"As I now think about my new filter, ‘surprised’ and ‘impressed’ are the two words that come to mind. First, the Gold-N-Blue has the ability to pull blues from the lake and sky without affecting the natural look anything else in the scene. And no matter which way I dialed, I couldn’t make the lake turn golden like I previously did at Bonsai Rock. This filter truly was accentuating light in a specific spectrum, not just an arbitrary blue or gold across the entire scene. This final panoramic image of Emerald Bay is a stitch of seven vertical frames exposed at the 24mm focal length on my D300 using ISO 100, f16, and 1.6 second exposures.

"By the final evening, the storm cleared completely and a return visit to Sand Harbor concluded my trip. The air was cool and crisp, and the lake was very calm. I chose this rock garden composition and patiently waited for the sun to start dropping behind the Sierra Nevada Mountains to the west. In order to capture the sun burst, I stopped my aperture down to f22 which required a 1.3 second exposure at ISO 100. Once more, the Gold-N-Blue worked its magic, adding a pleasing golden hue to the sky while alternatively picking up the blues in the lake. Much like a normal polarizer, this filter has the ability to dial in as much or as little effect as I wanted.

"After four straight days of consistent use, I was quite impressed with my Gold-N-Blue. Not only could it accentuate the natural colors in scenes such as Bonsai Rock and my first outing to Sand Harbor, but I was equally impressed by how it could turn an otherwise flat scene into something more pleasing as it did at Emerald Bay. This ability will help me increase the number of 'keepers' I'm able to shoot in less-than-perfect light. And that is exactly what I was aiming for."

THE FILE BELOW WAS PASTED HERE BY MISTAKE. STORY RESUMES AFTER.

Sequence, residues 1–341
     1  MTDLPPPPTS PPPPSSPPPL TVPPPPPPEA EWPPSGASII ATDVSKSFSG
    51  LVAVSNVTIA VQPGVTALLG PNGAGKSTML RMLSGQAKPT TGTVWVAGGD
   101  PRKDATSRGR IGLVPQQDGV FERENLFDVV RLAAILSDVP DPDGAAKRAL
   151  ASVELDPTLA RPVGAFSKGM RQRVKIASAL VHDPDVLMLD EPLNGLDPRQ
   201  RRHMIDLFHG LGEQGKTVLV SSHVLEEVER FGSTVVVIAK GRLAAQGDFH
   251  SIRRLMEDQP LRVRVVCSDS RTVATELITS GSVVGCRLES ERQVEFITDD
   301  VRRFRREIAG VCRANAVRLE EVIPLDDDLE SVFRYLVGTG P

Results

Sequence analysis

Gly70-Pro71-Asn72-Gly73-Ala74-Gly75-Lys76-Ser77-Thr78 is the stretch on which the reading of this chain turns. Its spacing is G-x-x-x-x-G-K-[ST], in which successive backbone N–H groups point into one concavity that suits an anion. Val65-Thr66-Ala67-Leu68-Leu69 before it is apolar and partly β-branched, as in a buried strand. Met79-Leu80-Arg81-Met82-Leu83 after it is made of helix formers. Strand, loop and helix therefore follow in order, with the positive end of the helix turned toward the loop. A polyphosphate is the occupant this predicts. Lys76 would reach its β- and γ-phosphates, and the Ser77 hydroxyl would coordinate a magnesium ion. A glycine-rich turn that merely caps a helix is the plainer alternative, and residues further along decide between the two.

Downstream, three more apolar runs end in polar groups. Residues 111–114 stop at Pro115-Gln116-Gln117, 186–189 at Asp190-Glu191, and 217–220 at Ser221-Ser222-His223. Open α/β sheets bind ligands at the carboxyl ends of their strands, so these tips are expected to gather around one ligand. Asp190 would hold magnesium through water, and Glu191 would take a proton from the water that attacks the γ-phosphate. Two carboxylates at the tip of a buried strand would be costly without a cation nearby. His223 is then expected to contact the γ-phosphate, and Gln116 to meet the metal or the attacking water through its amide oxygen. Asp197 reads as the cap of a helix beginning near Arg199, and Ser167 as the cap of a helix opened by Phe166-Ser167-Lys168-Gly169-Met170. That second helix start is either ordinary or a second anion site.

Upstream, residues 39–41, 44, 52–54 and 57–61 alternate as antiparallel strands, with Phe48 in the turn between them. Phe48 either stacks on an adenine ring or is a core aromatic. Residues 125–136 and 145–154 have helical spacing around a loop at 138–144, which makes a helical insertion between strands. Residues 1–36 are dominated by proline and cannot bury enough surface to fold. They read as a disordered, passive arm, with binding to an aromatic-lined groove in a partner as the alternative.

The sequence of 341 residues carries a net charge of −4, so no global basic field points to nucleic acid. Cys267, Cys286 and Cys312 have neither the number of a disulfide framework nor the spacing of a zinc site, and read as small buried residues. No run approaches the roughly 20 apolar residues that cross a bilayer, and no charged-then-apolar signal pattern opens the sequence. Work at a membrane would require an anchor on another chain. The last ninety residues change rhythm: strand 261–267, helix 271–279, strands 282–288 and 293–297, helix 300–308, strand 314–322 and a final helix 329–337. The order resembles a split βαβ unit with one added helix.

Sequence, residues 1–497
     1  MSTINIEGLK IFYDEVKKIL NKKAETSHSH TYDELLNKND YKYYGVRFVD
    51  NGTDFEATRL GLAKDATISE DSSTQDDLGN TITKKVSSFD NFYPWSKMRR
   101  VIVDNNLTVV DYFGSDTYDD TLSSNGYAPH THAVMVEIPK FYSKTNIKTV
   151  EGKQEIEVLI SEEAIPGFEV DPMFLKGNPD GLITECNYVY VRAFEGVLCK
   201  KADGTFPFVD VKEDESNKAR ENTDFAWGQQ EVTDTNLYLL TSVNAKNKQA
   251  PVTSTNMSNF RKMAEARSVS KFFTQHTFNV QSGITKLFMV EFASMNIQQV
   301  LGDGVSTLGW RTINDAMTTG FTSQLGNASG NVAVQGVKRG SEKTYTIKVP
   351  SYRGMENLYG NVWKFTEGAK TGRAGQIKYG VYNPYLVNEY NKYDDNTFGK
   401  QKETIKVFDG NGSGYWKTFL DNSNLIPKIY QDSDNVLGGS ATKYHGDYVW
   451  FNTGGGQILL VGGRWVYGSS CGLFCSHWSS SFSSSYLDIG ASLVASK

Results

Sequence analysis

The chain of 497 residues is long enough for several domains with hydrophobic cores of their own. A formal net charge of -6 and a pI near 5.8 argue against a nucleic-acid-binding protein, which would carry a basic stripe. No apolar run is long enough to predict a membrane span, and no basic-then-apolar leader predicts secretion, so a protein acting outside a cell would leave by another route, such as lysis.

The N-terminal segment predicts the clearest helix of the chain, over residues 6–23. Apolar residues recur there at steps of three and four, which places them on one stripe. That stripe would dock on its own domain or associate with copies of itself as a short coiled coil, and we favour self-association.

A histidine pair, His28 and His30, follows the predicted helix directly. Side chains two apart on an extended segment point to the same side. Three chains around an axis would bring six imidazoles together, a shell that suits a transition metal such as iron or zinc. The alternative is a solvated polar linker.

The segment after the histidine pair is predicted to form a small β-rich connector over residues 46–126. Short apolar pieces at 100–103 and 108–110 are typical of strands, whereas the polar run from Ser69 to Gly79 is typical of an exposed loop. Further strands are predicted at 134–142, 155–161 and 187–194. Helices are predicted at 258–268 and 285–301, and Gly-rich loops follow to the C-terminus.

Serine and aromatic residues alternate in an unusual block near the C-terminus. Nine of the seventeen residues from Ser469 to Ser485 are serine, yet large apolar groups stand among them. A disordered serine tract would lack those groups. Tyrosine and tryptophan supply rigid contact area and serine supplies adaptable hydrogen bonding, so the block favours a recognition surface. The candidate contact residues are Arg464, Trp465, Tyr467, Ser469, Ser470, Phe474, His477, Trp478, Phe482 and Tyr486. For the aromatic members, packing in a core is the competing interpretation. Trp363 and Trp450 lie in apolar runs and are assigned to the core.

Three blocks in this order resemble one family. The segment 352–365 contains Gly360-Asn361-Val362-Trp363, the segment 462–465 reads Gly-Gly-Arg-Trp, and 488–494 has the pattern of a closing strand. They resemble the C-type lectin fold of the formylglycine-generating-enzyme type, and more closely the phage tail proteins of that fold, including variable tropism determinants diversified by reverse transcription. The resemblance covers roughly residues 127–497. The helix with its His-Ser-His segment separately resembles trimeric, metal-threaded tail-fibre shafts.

You can view more of Jim's work by visiting his website, his Facebook, or his Tumblr feed. He is also a co-founder of Sea-to-Summit Photography Workshops, which offers both private instruction and group workshops along the coast of California and beyond.


Serban said...

This article certainly clarified for me how the filter works. I wasn't very aware of the fact that the filter enhances only the colors from the available light. This is good, because you are still able to create more natural looking images.
And not the last, great images, Jim!

Jeff said...


Daniel said...

Fantastic work Jim, I'm not sure about f/22 on an APS-C DSLR though, did you absolutely need the longer exposure? The image would have been noticeably sharper at f/5.6-f/8.0 beyond that diffraction causes serious problems for APS-C. ~f/22 is my working aperture for large format and I rarely stop down past f/11 on 'full frame'. But as I said, on web images, these look great!

Francis Pena said...

Great work as always!

Xavier said...

Great article. I am looking for some directions on how control the white balance in camera to maximize the filters effect and avoind too much postprocessing...
Any recommendations?
Do I need to create a customn white balance on site for the blue then for the yellow or only one is enough?

Singh-Ray Filters said...

Xavier, the Gold-N-Blue can be at any setting when you set your custom white balance. The purpose is to neutralize the magenta cast the filter can introduce, which is the same regardless of the filter ring position. Your camera's manual should have instructions for setting a custom white balance, usually having a grey card or other neutral "target" is the key.